Set within a windswept corner of County Galway, the region of Connemara is at once stark and sublime. From the Twelve Bens mountains to the dramatic Atlantic coastline, the landscape twists and undulates, revealing pearlescent coral beaches, swathes of misty bogland and even a glacial fjord flanked by the majestic Kylemore Abbey. While the wilder quarters of this breathtaking land offer ample opportunity to test out your windbreaker, a cosy pub or restaurant is never far away. Here are six of the region’s essential experiences.
1. Diamond Hill
For every star God put in the sky, it’s said he tossed a million stones in Connemara. You’ll find a chunk of them on and around this quartzite ridge, which takes its name from the shiny rocks local children once sold to tourists as ‘Irish diamonds’. It’s a short, calf-stretcher of a climb, leading to incredible views over the Atlantic, Kylemore Abbey and the surrounding mountains.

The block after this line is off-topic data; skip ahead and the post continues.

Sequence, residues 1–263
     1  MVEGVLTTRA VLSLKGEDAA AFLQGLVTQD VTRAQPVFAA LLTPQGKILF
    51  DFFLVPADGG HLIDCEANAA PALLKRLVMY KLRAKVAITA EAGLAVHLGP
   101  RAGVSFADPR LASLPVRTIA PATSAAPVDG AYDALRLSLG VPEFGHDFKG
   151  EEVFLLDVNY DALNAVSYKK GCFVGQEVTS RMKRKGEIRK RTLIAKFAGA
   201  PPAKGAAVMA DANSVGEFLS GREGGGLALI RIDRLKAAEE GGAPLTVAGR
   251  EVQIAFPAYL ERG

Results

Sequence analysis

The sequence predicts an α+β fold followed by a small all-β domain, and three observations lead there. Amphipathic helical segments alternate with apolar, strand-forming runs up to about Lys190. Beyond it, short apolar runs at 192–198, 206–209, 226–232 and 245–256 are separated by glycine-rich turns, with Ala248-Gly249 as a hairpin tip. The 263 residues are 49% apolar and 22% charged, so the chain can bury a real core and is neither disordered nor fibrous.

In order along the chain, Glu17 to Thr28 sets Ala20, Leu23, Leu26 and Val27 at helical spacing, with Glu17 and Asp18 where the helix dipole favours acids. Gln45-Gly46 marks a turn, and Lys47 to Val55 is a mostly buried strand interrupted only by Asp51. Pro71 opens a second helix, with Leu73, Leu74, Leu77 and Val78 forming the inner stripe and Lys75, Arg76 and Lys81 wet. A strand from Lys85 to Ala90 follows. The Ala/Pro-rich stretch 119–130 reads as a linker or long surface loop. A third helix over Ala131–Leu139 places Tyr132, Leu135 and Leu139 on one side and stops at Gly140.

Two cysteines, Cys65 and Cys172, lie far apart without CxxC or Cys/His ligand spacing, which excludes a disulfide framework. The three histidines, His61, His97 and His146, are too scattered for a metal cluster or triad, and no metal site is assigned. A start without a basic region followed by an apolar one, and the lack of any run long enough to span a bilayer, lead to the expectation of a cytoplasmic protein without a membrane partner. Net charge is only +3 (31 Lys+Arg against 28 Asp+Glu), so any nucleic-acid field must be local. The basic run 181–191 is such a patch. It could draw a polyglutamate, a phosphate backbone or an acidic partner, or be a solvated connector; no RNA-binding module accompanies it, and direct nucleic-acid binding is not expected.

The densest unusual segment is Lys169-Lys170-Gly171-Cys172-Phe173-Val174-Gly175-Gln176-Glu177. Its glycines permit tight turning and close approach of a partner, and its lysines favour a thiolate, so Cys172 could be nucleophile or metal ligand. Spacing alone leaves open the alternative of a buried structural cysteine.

2. Dog’s Bay
Connemara is four-seasons country, capable of throwing rain, wind and sunshine at you within a single afternoon. Luckily, Dog’s Bay and Gurteen, two beaches sitting back to back on an isthmus off the Ballyconneely peninsula, drop jaws in any weather. Just up the road is harbour town Roundstone, where a creamy chowder at O’Dowd’s Seafood Bar & Restaurant is a hug in a bowl.
3. Omey Island
You can reach Omey at low tide via a causeway from Claddaghduff. It’s an odd feeling to drive or walk for half a mile across the rippled sand, but the break with the mainland is magical, delivering you to an outpost whose treasures include a sunken church (Teampaill Féichín).
Set between Doughrough Mountain and Lough Pollacappul, this turreted pile has a self-guided tour telling the story of the castle and abbey. Its community of Benedictine nuns was first set up after they fled Belgium in the First World War. There are also grand restored salons and Victorian walled gardens.
5. Sky Road
This nine-mile driving loop to/from Clifden circles a tiny peninsula with a craggy coastline and views stretching from the islands of Inishturk and Turbot to the Twelve Bens mountain range. Don’t be tempted to hike the route — there’s no path and lots of blind bends.
Killary is a snaking, 10-mile glacial fjord forming a natural border between Mayo and Galway, perfect for kayaking. Afterwards, grab a bowl of mussels from the Misunderstood Heron, a seasonal food truck overlooking the Killary at Leenane.
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